GTD for Stoners

The Stoner Mom’s Crash Course in Life Management

Created in 2001 by David Allen, Getting Things Done is a method of managing and maintaining all of your life’s commitments.  In this blog series, I am breaking down the Getting Things Done method for stoners. Because stoners can be productive. They are industry leaders and stay at home moms, doctors, teachers, grandmothers, combat veterans and so much more.

If you’ve been feeling overwhelmed with your life’s responsibilities and don’t know where to start, then this is the series for you!

Welcome back productive stoners! In our previous post in this series, I went over the five steps of the Getting Things Done method. To refresh your memory, they are:


In this post we are going to cover the first step of GTD, Capture. I will show you how to capture 100% of everything that has your attention. We’ll talk about writing stuff down and how it’s an essential habit for this practice. I’ll also show you my inbox, give you tips on how to fully empty your mind, and how a mind sweep resets your ability to store information.

GTD Step One | Capture

What is it?

The first step of every project is to identify what the desired result is. To do that one must, as the cliché says, lay it all out on the table.  That is what capturing is. In this first step we “capture” 100% of everything that has our attention. We do this with some method of recording; paper and pen, word doc, voice recorder, notes in your phone, etc. In GTD this is called a Mind Sweep. It can also be referred to as a Brain Dump or a Mind Map. It’s a common exercise that I’ve talked about before, and it has a wonderful, therapeutic effect.

Another way I have heard David Allen describe this step is to identify what is not on cruise control.

Why do we do this?

A Mind Sweep’s purpose is to free up psychic RAM.

Your brain is a computer. Computers spend all their time processing information and running routines, all while using finite space and memory. When our brain runs out of space to hold information, we can’t add more. We need to free up space.

A Mind Sweep’s purpose is to free up psychic RAM.

When a thought has your attention it becomes an open loop, running endlessly through your mind until you close it. How do you close the loop? By finishing the thought. Taking it through to its end. We will get to that soon, but for now it’s enough to identify the open loops.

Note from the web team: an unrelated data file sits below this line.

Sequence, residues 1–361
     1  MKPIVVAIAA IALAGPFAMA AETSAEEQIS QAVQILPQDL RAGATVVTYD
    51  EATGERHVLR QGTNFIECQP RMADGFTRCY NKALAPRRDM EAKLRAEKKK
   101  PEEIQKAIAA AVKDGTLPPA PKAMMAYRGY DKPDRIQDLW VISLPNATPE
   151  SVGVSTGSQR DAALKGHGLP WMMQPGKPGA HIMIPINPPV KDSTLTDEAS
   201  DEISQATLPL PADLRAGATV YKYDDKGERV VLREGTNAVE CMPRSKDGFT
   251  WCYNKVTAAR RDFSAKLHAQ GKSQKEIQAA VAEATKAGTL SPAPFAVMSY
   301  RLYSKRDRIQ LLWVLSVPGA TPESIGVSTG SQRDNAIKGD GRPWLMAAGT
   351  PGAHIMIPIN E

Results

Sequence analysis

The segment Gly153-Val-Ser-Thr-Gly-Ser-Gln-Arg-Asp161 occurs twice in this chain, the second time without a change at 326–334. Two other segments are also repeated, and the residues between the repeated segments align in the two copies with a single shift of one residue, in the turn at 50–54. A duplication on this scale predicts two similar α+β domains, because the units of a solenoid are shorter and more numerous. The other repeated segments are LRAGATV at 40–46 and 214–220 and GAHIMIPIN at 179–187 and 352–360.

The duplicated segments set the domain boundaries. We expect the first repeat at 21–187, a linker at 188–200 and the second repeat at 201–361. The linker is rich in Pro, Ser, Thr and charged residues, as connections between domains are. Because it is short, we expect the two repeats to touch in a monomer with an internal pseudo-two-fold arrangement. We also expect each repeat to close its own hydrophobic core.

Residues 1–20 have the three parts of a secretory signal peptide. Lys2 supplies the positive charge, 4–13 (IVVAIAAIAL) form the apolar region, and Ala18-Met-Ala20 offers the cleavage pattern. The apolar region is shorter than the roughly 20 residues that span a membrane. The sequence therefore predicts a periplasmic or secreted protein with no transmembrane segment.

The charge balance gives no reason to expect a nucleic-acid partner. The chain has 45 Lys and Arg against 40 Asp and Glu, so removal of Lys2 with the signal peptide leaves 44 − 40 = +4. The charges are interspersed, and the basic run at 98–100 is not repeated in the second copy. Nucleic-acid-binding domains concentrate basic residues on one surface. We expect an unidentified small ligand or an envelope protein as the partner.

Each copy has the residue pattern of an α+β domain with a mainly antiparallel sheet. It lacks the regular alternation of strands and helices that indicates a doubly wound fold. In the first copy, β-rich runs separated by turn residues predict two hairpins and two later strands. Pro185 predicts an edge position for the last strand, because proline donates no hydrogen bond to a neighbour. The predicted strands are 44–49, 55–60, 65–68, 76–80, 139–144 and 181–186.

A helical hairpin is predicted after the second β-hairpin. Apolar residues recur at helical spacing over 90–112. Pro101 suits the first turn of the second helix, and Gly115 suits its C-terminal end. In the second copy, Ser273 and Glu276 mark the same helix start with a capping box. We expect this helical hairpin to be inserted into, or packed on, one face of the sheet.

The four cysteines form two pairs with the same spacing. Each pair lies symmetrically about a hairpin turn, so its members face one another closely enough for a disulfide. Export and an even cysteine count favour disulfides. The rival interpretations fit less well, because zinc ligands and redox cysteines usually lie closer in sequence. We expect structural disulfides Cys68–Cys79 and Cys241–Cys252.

The Setup | What you Need

For an ideal capture session, you need some very basic supplies. First, schedule your capturing for a time when you are alone and won’t be disturbed. By the way, it is totally okay to get high during this activity. In fact, for me, it’s a necessary step to the process. Whatever your leanings are as a stoner, try to use the method that provides you the most energy and positivity. For me, it’s always something high in THC, as I have a robust tolerance. But it’s different for everybody, so if a high THC strain makes you anxious and scatter-brained, then, by all means, use something else!

In addition, you need:

My favorite inbox, from World Market.

an Inbox |The inbox is a catchall for all things you need to process. As things come across your desk and in your mail, they are moved to the inbox until you can process them. Some GTDer’s process down their inboxes every day. Less busy GTDer’s can get away with a few times a week.

I use a hanging file folder in a pretty file box I found at World Market, but lots of things will work. A pretty basket, an open tray system, a drawer you can check often, even a corkboard.






Quick Video | Going thru my Inbox

Here’s a ten-minute video where I show you my inbox! I spaced out and say I got my inbox at Target, but it’s actually from World Market.

I use both iCal and a simple Moleskin notebook to manage all of my life’s dates and plans.